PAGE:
Jessica Drew never had a chance. Before she was born an accident gave her spider-like powers, and her parents were members of the terrorist organization called Hydra. Another accident places Jessica in a coma for 11 years and when she wakes up, her training as a Hydra agent begins; with the mind of a 7 year old girl, she's given a crash course on a version of the world Hydra wants her to see. This soon puts her at odds with Nick Fury. -summary
In New Avengers Volume 3: Secrets and Lies, it was revealed that Jessica Drew aka Spider-Woman was in fact a double agent working for both the terrorist organization Hydra and the peace-keeping organization S.H.I.E.L.D. In the case of Hydra, she was forced into their fold due to them reactivating her powers. In order to keep herself alive, she had to constantly feed them information, but when she was found out by Nick Fury, her loyalty swayed more towards him, and he was the only one who knew she was playing for two teams, so he fed her just enough very good info while she gave him the best Hydra secrets. This story written by Brian Michael Bendis and Brian Reed covers her true beginnings with a slight bit of retconning. It's a very good origin tale that will more than likely help Spider-Woman fans get to know the character further, in which she did develop a rather strong following when Bendis re-introduced her as a member of the New Avengers. This TPB collects Spider-Woman: Origin 1-5.
Bendis managed to drag two rather obscure characters from the 70's being Luke Cage and Spider-Woman into the here and now, and develop them so well along the way in the pages of New Avengers to the point where they felt just as important as A-listers Spider-Man, Captain America, etc. I'm still happy to see the use with Spider-Woman, especially when looking at how the character was stripped of her powers and subjected to bit roles during the 80's and such. This story did a fantastic job in making her into a sympathetic character. Her plight reminds me of a crack baby; she was dealt a very bad hand from the day she was born, with no real choice whatsoever on the road she had to take. Her fate was never truly in her hands.
The story covers the details on how Jessica got her powers, how it effected her parents, especially her father who saw her as just another science breakthrough, and how it destroyed her parents marriage. The story is paced very well with a cinematic like flow delivering good portions of action, drama, and suspense. Most of the characters who are given an ample amount of time are very well developed. Even though Jessica is the star of the book, you also get a very good idea on how cruel Hydra can be. They truly are evil incarnate and they are very resourceful, with their influence reaching very deep into military ranks. In fact, even Nick Fury learns much later on they had a solid foothold in S.H.I.E.L.D. for years even while he was running it. The story also reaches into Spider-Man territory, and sheds a good amount of light on just how Miles Warren aka the Jackal even began to learn the basics of cloning, in which this knowledge caused Spider-Man many years of grief. Bendis as usual delivers with the dialog, as his characters act and say things that would likely come from real people. I love how he handles the sarcastic side of Nick Fury.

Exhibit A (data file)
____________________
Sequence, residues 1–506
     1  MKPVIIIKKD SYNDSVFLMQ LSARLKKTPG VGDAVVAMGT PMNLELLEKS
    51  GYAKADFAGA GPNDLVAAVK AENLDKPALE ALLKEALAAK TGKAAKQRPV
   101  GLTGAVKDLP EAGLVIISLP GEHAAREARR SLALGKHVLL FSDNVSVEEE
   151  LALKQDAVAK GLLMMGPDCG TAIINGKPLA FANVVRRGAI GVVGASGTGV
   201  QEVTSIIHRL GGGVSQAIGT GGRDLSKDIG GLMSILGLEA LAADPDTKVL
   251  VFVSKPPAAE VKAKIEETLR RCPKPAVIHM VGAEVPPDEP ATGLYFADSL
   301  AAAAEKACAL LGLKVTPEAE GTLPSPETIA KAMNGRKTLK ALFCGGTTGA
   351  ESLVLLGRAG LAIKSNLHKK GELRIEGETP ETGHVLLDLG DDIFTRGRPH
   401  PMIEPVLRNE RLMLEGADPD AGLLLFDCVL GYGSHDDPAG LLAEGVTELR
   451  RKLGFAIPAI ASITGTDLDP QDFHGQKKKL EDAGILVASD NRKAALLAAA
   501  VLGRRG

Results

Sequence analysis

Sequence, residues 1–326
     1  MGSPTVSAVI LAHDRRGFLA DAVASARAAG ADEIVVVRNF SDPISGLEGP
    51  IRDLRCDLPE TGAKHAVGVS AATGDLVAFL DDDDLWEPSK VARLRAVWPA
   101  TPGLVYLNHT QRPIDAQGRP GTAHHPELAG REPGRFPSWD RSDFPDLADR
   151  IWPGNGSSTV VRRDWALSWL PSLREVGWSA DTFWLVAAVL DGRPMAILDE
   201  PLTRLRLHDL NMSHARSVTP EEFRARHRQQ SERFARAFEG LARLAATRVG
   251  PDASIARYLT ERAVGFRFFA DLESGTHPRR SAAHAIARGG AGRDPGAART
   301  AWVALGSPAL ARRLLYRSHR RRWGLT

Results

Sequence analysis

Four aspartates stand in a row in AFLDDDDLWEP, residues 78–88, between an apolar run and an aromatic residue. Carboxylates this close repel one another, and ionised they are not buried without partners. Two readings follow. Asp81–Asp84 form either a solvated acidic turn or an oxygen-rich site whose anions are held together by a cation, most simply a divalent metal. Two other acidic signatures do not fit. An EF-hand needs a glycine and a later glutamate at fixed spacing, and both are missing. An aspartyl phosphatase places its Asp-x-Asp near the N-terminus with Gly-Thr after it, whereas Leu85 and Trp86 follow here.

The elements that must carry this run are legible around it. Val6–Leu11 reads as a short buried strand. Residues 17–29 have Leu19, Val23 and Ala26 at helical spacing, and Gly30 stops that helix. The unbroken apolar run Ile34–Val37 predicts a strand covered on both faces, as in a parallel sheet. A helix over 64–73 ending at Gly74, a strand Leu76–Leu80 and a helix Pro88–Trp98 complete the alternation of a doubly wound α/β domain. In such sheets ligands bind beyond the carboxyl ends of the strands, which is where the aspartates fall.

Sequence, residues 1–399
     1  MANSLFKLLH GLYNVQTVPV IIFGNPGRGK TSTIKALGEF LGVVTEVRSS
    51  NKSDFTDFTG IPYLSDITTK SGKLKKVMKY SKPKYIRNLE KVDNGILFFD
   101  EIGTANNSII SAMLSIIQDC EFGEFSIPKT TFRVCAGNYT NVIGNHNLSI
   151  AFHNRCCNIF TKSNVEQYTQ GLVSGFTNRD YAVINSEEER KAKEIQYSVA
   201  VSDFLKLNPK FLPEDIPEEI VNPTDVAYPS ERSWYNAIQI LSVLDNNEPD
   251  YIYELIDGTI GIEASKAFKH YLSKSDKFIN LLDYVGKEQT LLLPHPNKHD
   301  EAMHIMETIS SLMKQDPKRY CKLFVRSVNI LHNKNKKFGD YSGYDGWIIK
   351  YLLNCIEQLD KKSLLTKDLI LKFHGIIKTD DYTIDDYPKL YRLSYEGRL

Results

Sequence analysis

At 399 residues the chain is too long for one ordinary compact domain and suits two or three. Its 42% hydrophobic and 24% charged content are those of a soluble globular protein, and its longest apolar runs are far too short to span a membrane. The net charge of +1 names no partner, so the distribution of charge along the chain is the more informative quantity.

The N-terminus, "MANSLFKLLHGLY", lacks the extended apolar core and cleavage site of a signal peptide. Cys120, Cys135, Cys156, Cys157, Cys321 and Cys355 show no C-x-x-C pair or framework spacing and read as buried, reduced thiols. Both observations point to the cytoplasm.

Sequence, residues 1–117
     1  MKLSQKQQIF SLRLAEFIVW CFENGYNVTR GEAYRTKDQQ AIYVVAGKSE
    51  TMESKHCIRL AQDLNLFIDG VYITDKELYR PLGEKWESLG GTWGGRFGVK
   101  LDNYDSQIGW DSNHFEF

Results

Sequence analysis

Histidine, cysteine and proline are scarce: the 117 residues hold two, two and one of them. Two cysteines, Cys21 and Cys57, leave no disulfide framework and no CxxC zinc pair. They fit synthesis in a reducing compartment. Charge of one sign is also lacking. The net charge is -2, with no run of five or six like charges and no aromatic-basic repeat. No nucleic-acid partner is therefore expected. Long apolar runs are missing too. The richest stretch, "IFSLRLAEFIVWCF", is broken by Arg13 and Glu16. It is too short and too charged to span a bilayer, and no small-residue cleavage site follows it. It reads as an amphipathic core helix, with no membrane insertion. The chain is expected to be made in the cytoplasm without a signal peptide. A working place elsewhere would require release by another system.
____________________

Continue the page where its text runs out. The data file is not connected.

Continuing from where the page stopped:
While the book does cover a great amount of ground, at five issues it does feel like you're not getting the whole entire story. There was plenty of potential for a whole lot more. I would've appreciated had the book left the world of superheroes and villains for even a brief moment, and got straight down to Jessica trying to live a normal life. At least a single issue of this would have balanced out her character just a bit more, and certain story elements would have felt more believable.
Jonathan Luna's glossy artwork isn't exactly to die for, yet it's nothing to look down on either. His character designs resemble paintings a little bit more than traditional comic characters. This wouldn't be an issue at all, but the facial designs seem to look too much alike. If Jessica's parents were bald-headed you probably wouldn't be able to tell them apart. On the other hand, Jessica looks great in her Spider-Woman outfit despite the fan service being quite tame. There aren't an over abundance of crotch shots which I have no problem with. The action panels are fun to watch as she goes up against multiple Hydra foot soldiers, as well as the Taskmaster using some good strikes and even energy projection, but don't come into this expecting over the top Spider-Man like action. Backgrounds aren't lazily done as several settings manage to stand out, such as the night time clearly appearing to be the right time to get a kill on.
This is a very solid origin story overall though, had it gone that extra mile and attempted to deliver more of a drama it could have been a truly excellent work. I'm satisfied for the most part though, and if you're already a fan of the character this book is for you. If you know nothing of Spider-Woman, then this isn't a bad place to give her a look.
Pros: -Solid narrative for the most part with good artwork
Cons: -Felt quite short, as if more could have been told.
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Serious gamer and hardcore comic reader.
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